Working in a foreign language – what level do you need?

Career February 26, 2015

Few things will improve your language skills faster than working in a foreign language. Using the language for hours each day will boost your fluency, improve your CV , and give you plenty of specialised vocabulary. And then there are the after-work drinks, coffee breaks, lunchtime gossip, and all of the social things that go on around a job.

The challenge is finding that job in the first place.

Some specialised roles require a very high level of language ability before you can even consider them. For example, after a recent fuss about doctors struggling to communicate with patients, the UK’s National Health Service raised the English requirement to 7.5 on the IELTS exam (between C1 and C2 on the CEFR).

For comparison, most top UK universities ask for between IELTS 5 and 7 for admission to courses taught in English.

But working as a doctor is obviously an extreme example, where your language skills can make the difference between life and death.

You will find work opportunities once you reach a reasonable intermediate level, but there are positions for beginners too.

One thing to remember…

Your attitude and enthusiasm will be more important to most employers than your language level. Having a positive attitude also means you will learn faster, whether skills for the job, or language skills.

Jobs for beginners/lower intermediates (A2/B1 on the CEFR)

If you struggle to understand what people are saying to you and use a limited range of expressions that you have practised in advance, perhaps you are ready for a career in politics?


Joking aside, the jobs that are available for beginners include manual work in factories or warehouses, in agriculture (for example fruit picking) or cleaning. These jobs involve a limited amount of communication but offer a guaranteed source of income, which could help you to prolong your stay when studying abroad.

Jobs for intermediates (B1/B2 in the CEFR)

More interesting jobs become available once you reach an intermediate level. For example, working in service is an excellent way to improve you language skills because you speak to customers and colleagues all day long. Getting a job in a hotel, bar, restaurant or café is a popular option and a great way to meet people.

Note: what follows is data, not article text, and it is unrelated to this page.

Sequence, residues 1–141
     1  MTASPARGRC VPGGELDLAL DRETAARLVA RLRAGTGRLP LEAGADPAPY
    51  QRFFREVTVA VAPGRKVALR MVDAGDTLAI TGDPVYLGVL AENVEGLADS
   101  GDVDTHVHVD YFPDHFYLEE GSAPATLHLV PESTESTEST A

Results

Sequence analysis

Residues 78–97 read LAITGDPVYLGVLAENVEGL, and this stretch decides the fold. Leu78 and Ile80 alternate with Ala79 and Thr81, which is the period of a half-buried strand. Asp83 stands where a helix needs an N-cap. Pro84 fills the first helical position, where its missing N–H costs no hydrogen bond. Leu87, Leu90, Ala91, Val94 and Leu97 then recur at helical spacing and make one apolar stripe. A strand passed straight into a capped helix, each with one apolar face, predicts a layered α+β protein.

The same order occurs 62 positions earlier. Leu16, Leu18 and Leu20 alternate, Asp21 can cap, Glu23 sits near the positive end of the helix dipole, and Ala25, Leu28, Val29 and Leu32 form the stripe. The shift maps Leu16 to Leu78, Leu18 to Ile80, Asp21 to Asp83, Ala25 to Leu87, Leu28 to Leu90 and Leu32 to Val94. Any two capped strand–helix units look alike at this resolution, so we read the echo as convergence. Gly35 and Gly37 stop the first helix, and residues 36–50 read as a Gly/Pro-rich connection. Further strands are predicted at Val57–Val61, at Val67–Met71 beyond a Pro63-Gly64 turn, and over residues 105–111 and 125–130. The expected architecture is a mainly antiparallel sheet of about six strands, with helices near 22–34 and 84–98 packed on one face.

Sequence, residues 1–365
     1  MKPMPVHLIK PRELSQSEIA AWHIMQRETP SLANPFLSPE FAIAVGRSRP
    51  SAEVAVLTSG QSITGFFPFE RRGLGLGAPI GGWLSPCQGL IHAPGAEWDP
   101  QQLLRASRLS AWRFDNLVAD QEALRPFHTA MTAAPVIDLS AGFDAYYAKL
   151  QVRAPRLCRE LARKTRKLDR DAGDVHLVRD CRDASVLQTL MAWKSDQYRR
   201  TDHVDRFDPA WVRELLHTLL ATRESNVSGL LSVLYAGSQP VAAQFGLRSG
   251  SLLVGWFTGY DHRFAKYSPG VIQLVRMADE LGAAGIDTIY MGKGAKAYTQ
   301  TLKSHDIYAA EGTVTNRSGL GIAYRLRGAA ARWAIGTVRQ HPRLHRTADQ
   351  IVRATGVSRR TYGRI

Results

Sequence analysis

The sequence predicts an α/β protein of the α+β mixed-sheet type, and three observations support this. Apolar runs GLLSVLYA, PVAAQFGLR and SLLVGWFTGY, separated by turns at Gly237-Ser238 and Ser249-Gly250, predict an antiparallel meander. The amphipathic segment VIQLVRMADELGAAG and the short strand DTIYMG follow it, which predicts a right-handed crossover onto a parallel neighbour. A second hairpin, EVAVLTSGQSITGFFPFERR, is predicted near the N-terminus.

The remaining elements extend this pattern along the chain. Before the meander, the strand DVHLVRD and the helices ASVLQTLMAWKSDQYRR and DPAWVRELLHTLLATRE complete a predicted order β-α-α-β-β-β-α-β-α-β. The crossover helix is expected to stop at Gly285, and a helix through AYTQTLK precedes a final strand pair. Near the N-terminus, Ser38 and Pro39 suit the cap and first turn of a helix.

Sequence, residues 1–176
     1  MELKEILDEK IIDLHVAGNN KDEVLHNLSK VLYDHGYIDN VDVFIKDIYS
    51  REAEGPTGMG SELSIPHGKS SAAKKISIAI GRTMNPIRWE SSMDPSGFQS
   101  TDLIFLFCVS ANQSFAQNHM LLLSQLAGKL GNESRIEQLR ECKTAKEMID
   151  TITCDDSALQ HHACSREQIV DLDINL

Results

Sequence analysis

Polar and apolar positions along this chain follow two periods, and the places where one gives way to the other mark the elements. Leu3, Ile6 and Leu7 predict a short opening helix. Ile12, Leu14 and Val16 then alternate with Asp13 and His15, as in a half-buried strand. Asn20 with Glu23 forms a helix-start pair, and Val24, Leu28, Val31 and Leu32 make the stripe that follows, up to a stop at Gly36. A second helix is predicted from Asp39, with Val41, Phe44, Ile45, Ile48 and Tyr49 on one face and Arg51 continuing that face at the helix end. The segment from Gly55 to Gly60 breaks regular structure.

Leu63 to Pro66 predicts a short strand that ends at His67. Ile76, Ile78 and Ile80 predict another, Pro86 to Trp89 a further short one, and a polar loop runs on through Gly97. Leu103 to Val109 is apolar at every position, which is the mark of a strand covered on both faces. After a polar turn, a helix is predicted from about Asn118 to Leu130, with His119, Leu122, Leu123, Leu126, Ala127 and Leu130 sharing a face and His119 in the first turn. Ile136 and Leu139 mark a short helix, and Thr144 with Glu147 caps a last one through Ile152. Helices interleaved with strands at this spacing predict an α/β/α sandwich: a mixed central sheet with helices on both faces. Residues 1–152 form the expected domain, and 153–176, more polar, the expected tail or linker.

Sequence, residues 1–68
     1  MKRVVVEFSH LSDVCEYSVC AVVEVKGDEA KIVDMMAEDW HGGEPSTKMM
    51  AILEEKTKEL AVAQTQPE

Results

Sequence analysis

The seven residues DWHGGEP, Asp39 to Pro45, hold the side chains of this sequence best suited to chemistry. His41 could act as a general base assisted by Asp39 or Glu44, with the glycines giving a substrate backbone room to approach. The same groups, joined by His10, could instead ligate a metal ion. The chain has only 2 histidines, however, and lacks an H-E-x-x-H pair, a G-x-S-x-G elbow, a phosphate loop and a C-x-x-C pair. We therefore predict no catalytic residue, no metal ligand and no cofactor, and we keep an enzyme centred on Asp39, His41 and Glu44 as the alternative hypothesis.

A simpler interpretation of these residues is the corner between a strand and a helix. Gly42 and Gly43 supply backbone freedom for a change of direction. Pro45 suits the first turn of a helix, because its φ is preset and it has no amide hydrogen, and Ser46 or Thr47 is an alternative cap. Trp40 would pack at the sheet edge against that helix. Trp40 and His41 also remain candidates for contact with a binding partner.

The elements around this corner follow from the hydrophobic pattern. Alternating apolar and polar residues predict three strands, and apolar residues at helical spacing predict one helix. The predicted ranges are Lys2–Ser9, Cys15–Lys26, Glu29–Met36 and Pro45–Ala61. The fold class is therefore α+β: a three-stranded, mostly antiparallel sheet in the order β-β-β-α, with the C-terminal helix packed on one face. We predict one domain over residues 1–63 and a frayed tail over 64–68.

As with any industry, better language skills will put you at a big advantage. In a noisy bar, it can be hard to hear what people are saying, but the social environment ensures that you will get lots of practice with the language.

The industries that are suitable for beginners are also open to intermediates, naturally.

Jobs for advanced speakers (C1 on the CEFR)

Once you reach level C1, university education is open to you (many universities require a B2-level exam or certificate), as are a huge range of jobs. You might be able to find office work that requires your first language and the foreign language, but be aware that this is not as beneficial for your language development as working in a purely foreign-language environment.

coworking space

Jobs that require especially precise communication, for example, anything involving lots of writing, may remain out of reach, but most jobs will be possible. Using the example of the UK health service again, although you could not be a doctor with B2/C1 English, you would have the necessary level to work as a nurse.


The best way to show an employer that you have a certain level is with an official exam or certificate. Check out our preparation courses for English exams, and various exams for other languages.

Foreign language jobs at home

You might be able to gain some experience of working in a foreign language closer to home. Multinational companies like to centralise certain operations, and typical jobs include phone-based customer service.

Work and study programmes

Finding your first job in a foreign language can often be the most difficult step. Without the experience of the local job market, you will find it harder to put together an impressive CV.

We offer a range of programmes that will help you find work in a foreign language for intermediate level (B1-B2 on the CEFR) and above.

Work experience & internships

If you have ambitions to work long-term in a foreign country or language, an internship is an excellent way to get started. More or less every competitive industry demands some related work experience before considering a CV.

Our internship programmes offer the chance to combine a language course with a fixed-term internship at the end of your studies. Placements are available for intermediate levels and above.

An excellent way to improve your fluency

Once you have learnt the basic grammar of a language, and have a solid foundation, fluency will come with practice. Spending hours working in a language is your chance to earn some money while getting that practice.

What are your tips for working in a foreign language

Image credits: Picking Fruit – Shutterstock, Waitresses – Shutterstock, Office – Shutterstock

By Alex Hammond

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